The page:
The timely and widespread use of imaging methods facilitates early diagnosis and guides treatment, thus improving the prognosis. Ultrasound is used as a preliminary diagnostic modality, which is often followed by CT scan . However, ultrasonography can not discriminate between abscess and infarct in some cases, while computed tomography is the examination of choice. Splenic abscesses appear as focal areas of low attenuation with no inflammatory rim [8, 10].
In the present case, the author found that abdominal ultrasonography could diagnose the presence of multiple splenic focal cystic lesions and the same finding was confirmed by C T abdominal scan.
There is often overlap in the imaging appearance alone, so the clinical setting is very helpful in differential diagnosis. Common symptoms in patients with splenic abscess are fever, abdominal pain and nausea and vomiting [11, 12].
Solitary splenic lesions are unusual  and multiple splenic lesions whether of infectious or inflammatory origin are also rare [2, 3, 14]. Multiple splenic abscesses are still extremely rare finding in the clinical practice encountered mostly in immunocompromised patients  and in those with underlying malignancies .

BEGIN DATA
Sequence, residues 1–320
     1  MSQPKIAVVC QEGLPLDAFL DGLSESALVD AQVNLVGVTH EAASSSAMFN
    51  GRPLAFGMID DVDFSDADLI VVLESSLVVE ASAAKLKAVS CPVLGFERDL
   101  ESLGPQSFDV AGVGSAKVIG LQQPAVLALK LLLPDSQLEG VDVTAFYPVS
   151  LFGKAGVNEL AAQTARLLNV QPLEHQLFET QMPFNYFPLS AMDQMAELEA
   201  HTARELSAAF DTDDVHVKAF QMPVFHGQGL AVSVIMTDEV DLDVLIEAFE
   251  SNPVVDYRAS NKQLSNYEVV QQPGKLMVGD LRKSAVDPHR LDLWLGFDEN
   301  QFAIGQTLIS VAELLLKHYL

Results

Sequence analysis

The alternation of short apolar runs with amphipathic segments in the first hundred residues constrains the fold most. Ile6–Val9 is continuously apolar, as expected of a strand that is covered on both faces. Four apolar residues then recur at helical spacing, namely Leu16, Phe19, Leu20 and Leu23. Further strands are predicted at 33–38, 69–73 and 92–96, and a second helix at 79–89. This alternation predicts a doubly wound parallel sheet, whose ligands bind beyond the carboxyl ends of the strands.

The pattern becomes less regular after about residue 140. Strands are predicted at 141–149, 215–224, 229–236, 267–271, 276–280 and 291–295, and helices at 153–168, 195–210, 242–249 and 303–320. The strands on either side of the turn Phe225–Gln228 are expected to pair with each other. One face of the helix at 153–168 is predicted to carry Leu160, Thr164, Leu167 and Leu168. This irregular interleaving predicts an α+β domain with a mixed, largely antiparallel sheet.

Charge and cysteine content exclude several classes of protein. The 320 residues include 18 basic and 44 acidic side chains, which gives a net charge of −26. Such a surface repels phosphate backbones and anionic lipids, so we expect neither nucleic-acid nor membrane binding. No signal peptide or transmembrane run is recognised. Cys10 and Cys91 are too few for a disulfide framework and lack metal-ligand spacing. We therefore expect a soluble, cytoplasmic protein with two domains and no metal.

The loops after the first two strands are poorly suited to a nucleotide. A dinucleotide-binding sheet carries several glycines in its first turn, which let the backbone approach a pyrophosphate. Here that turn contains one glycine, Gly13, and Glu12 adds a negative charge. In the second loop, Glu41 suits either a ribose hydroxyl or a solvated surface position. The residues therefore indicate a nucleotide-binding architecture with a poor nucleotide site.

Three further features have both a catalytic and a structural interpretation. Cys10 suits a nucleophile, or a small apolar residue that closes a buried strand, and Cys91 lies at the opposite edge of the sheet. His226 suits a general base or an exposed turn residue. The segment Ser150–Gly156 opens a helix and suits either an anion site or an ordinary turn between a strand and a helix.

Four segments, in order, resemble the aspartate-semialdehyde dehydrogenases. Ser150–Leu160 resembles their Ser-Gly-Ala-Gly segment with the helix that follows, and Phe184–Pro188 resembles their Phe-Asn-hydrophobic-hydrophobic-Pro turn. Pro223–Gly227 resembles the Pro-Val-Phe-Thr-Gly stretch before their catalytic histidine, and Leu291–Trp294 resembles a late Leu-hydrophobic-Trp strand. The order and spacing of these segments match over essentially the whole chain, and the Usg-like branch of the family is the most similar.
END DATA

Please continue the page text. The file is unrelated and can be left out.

An interesting recent study published in 2008 stated that abscess of the spleen is a rare discovery and put a hint about this rarity as only 600 cases have been described so far in the international literature .
To clarify the rarity of splenic abscess in clinical aspect, the medical records of one institution were retrospectively reviewed and only six cases of splenic abscesses seen within ten years between 1989 and 1999 were identified . Also, reviewing of medical records of patients with a splenic abscess treated in Santiago, Chile within 18 years between 1987 and 2005 revealed only seven patients . A report from Greece, Attikon University Hospital showed that only three cases were mentioned . Another study reported only 67 cases of splenic abscess in a medical center of Taiwan during a period of 19 years . In Pakistan, Karachi, the Aga Khan University Hospital has recorded only 27 patients with splenic abscess within 19 years diagnosed from 1988 to 2007 . A 10-year (1996-2005) retrospective review of case records from a single centre in Singapore of 800-bed general hospital revealed 21 cases with splenic abscess .
Most of these patients, if not all, according to these studies and others of same interest, are with recognized risk factors [2, 5]-. These include the synchronous presence of conditions that compromise the immune system, such as endocarditis, diabetes mellitus, congenital or acquired immunodeficiency and the administration of immunosuppressive medication as well as trauma [1–3, 8].